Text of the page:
Many Americans may want the House impeachment inquiry to just vanish like a low-rated TV series canceled after the November sweeps. Some members of Congress are increasingly talking of censuring President Clinton as an alternative to an impeachment vote.
But the lawmakers who have their hand on the inquiry's throttle - House Judiciary Committee Republicans - have other ideas. They're redoubling efforts to broaden the case and show a wide-ranging pattern of serious presidential offenses.
In part, their moves appear a frustrated reaction to the president's hard-shell defense. They may also be an attempt to take the probe past the tawdry details of Mr. Clinton's relationship with Monica Lewinsky and focus on core issues of lying under oath, and obstruction of justice.
Whatever the motive, the abrupt change in strategy has convinced some lawmakers of both parties that the impeachment inquiry is lurching, spewing sparks, and barely under control.
"The process gets stranger and stranger," Rep. Rick Boucher (D) of Virginia told an interviewer Nov. 30.
The most surprising of the attempts to broaden the impeachment inquiry was the sudden addition of campaign finance to the House Judiciary Committee's agenda.
Late on Nov. 30, committee Republicans moved to subpoena FBI Director Louis Freeh and federal prosecutor Charles LaBella and get a look at their closely held memos dealing with allegations of fund-raising irregularities by the 1996 Clinton-Gore reelection effort.
Clinton's campaign cash has been a target of congressional investigators for years, but Judiciary Republicans said they had received a tip that the Freeh-LaBella papers allege criminal acts by Clinton himself.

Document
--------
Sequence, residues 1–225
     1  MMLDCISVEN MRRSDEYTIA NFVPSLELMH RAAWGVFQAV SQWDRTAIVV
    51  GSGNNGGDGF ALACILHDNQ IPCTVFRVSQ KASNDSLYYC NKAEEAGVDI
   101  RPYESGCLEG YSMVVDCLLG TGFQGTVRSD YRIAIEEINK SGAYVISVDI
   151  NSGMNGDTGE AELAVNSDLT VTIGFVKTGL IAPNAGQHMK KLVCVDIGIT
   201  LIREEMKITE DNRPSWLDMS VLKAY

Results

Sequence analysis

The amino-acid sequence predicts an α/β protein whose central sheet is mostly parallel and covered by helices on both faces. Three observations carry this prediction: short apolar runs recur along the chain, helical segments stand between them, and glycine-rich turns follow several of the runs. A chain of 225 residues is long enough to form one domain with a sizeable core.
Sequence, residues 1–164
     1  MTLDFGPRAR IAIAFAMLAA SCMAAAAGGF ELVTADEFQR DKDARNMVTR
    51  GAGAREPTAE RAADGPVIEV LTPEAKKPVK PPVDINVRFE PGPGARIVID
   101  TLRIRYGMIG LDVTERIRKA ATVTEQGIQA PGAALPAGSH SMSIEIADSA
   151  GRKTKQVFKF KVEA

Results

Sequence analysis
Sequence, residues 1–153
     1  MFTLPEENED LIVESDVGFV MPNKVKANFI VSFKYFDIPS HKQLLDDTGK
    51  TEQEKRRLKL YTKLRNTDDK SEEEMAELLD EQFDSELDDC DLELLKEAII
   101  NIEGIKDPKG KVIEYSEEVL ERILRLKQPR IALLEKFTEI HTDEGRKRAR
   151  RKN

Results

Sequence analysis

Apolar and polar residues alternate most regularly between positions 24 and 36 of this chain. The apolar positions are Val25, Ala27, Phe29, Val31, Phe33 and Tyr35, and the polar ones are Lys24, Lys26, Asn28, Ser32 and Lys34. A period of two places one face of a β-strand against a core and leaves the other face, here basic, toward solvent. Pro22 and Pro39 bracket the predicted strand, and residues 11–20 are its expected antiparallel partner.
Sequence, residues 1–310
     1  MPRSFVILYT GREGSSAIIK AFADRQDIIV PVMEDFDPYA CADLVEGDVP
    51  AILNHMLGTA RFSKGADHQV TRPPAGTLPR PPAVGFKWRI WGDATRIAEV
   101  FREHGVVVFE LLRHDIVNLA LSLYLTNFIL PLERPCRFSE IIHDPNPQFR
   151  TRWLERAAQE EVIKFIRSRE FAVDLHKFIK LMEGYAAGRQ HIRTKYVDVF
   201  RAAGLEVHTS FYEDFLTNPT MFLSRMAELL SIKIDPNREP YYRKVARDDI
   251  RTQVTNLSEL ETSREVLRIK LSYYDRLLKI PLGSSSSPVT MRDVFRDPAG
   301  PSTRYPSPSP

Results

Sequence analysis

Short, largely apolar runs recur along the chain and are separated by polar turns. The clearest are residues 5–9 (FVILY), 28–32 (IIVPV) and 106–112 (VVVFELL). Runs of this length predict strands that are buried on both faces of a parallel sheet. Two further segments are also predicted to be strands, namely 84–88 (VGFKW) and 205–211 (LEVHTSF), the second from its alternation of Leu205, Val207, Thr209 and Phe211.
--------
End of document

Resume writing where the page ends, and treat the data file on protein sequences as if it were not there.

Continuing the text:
"The committee is duty bound to investigate that information," said Paul McNulty, a spokesman for panel GOP members.
Republicans wouldn't say what specific allegations they believe the memos contain. But the White House said the papers did not reveal any impeachable acts and added that the Clinton campaign-finance effort was a field plowed by investigators so many times its furrows would swallow a tractor.
Panel Republicans really want to "investigate the president on any subject that they see fit to go after," said Clinton spokesman Joe Lockhart on Dec. 1.
Meanwhile, the Judiciary Committee held a carefully scripted hearing on perjury and its consequences - an effort to move the impeachment discussion past details about sex and into an area many Republicans consider the crux of Clinton's alleged misbehavior in the Lewinsky matter.
The hearing featured two women who were punished for lying about sex in civil lawsuits, as Clinton is charged to have done. Chairman Henry Hyde (R) of Illinois said their appearance showed that the panel was not attempting to hold Clinton to a higher standard than that applied to other citizens.
Rep. John Conyers (D) of Michigan, the panel's ranking minority member, replied that perjury in civil suits is common and rarely prosecuted. Anyway, "no one has proven that the president's statements ... were not technically true," he said.
Perjury is clearly a serious matter. At least 115 people are now serving sentences after conviction of perjury in federal court proceedings, say legal experts.
It is a crime that can greatly irritate judges, who consider it something that undermines the whole foundation of the judicial system. And it is common in civil suits, say some experts - too common.
"It's a terrible message to send that this is OK, it's the way the game is played," says Stephen Gillers, a law professor at New York University.
Other experts say Clinton's alleged lies about his relationship might not have been important enough to have been pursued by a typical prosecutor.
"Even the rules of law require prosecutors to have good judgment," says Jeffrey Abramson, a law professor at Brandeis University in Waltham, Mass.
Meanwhile, Chairman Hyde insists that the impeachment inquiry can stick to its schedule and finish by the end of the year, despite all the fireworks of recent days.
Positions appear to be hardening on both sides of the effort. Hyde and other panel Republicans were clearly angered by Clinton's Nov. 27 answers to the list of 81 questions the panel had submitted to him.
In his reply, Clinton in essence repeated his previous legalistic responses to questions about his behavior. His answers repeatedly referred to previous testimony, and continued to insist that he had not committed perjury by denying a sexual relationship with Ms. Lewinsky.